Epic. That’s the word which comes to mind when one talks about David Lean’s movies. Epic not only in cinematic scope, but also in the themes his films conveyed.
David Lean, the legendary English director, was born in Croydon, Surrey. After a brief stint in Film Editing, Lean moved on to direction. His first was in collaboration with the legendary British playwright Sir Noel Coward.
But he didn’t come to international attention until he adapted Charles Dickens’s famous novels “Great Expectations” and “Oliver Twist”. These two films signified what would be a long partnership with the actor and thespian Sir Alec Guinness.
Lean was known for grand, sweeping imagery in his approach to filmmaking. His genius lay in making each and every frame beautiful, and making it stand on its own. He employed this in ‘Oliver Twist’ and it remains one of the best Dickens adaptations on screen. The emotional journey of Twist is accentuated by Lean’s technical brilliance.
However, it wasn’t until “The Bridge On The River Kwai” that Lean gave his experimentations a full reign. Mesmerizing, the film conveys only in a few scenes the plight of PoWs held by the Japanese Army. The colour palate is bright but never over the top, and it fits the classical-Oriental landscape. The white hot heat, the torture of the soldiers and their struggles, and the eventual attempt at a daring escape; all these things couldn’t have been captured by a lesser director. Even in the unmoving shots, there is a surreal quality that makes the narrative even more real than it already is. This film earned him his first Academy Award, and very rightly so.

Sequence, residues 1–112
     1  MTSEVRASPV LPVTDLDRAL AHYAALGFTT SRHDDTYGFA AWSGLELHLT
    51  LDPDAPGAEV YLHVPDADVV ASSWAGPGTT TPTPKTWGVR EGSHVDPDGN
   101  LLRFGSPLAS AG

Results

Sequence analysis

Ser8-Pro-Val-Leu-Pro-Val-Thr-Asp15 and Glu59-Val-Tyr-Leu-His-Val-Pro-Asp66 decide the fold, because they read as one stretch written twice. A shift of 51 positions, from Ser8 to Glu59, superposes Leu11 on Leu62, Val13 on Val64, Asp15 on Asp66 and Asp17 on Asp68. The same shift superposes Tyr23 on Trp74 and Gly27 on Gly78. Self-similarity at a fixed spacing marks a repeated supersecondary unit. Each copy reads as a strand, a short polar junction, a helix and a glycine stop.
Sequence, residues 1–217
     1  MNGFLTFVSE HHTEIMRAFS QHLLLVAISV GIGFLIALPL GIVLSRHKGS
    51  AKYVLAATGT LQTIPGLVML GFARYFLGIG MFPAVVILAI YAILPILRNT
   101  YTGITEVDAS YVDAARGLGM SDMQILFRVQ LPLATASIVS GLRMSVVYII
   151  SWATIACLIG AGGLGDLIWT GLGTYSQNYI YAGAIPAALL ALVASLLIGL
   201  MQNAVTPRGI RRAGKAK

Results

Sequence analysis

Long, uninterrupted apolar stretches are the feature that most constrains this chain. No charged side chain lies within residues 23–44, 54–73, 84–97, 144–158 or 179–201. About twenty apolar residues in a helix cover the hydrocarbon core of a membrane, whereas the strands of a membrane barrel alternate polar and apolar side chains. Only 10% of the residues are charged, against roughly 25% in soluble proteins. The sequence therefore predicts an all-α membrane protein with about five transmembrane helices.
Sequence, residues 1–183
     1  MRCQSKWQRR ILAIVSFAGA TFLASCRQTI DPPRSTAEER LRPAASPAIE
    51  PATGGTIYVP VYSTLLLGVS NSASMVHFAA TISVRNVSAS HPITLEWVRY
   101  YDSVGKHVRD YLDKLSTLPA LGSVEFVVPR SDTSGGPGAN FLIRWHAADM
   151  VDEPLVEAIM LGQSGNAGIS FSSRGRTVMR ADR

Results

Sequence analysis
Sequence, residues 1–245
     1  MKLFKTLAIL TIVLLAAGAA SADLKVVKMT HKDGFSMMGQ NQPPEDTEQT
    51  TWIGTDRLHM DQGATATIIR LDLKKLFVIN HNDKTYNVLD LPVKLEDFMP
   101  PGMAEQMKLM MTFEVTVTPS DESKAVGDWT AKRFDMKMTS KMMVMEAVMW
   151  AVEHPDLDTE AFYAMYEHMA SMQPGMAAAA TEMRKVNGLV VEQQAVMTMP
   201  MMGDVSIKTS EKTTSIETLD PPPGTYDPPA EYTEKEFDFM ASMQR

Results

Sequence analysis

Lean followed up his success with a checkmate. A film so unimaginably large in scope that people – including famed directors – still talk about it. A film that takes the word ‘epic’ and gives a new meaning to it. “Lawrence of Arabia” is a sheer, breathtaking spectacle of a movie. It was a daunting task to adapt the heroics of T.E Lawrence on screen, and Lean took his time and delivered.
Lean’s trademark style is present throughout ‘Lawrence of Arabia’. Gorgeous visuals, wide panoramic shots to steer the narrative, and an excellent background score to accompany it.
In Doctor Zhivago, Lean gives us yet another epic tale, this time of love and loss. Yet another adaptation, although done to perfection, Doctor Zhivago still remains one of the lesser films of Lean. It is no less a masterpiece, but doesn’t gather the praise showered upon its predecessors.
Lean’s style has influenced Steven Spielberg, Martin Scorcese and even Stanley Kubrick and he remains one of the most respected filmmakers of all time.